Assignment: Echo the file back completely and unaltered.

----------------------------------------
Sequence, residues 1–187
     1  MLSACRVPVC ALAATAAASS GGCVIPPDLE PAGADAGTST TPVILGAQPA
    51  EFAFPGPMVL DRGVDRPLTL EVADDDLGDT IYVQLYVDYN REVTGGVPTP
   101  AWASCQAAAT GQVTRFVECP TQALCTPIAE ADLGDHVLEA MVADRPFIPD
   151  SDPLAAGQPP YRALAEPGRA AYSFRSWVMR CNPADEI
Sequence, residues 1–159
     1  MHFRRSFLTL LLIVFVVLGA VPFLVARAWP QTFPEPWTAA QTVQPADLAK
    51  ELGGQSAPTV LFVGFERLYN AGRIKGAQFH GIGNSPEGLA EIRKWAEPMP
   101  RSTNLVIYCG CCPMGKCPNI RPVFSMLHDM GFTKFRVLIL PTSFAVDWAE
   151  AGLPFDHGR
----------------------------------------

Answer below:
Sequence, residues 1–187
     1  MLSACRVPVC ALAATAAASS GGCVIPPDLE PAGADAGTST TPVILGAQPA
    51  EFAFPGPMVL DRGVDRPLTL EVADDDLGDT IYVQLYVDYN REVTGGVPTP
   101  AWASCQAAAT GQVTRFVECP TQALCTPIAE ADLGDHVLEA MVADRPFIPD
   151  SDPLAAGQPP YRALAEPGRA AYSFRSWVMR CNPADEI
Sequence, residues 1–159
     1  MHFRRSFLTL LLIVFVVLGA VPFLVARAWP QTFPEPWTAA QTVQPADLAK
    51  ELGGQSAPTV LFVGFERLYN AGRIKGAQFH GIGNSPEGLA EIRKWAEPMP
   101  RSTNLVIYCG CCPMGKCPNI RPVFSMLHDM GFTKFRVLIL PTSFAVDWAE
   151  AGLPFDHGR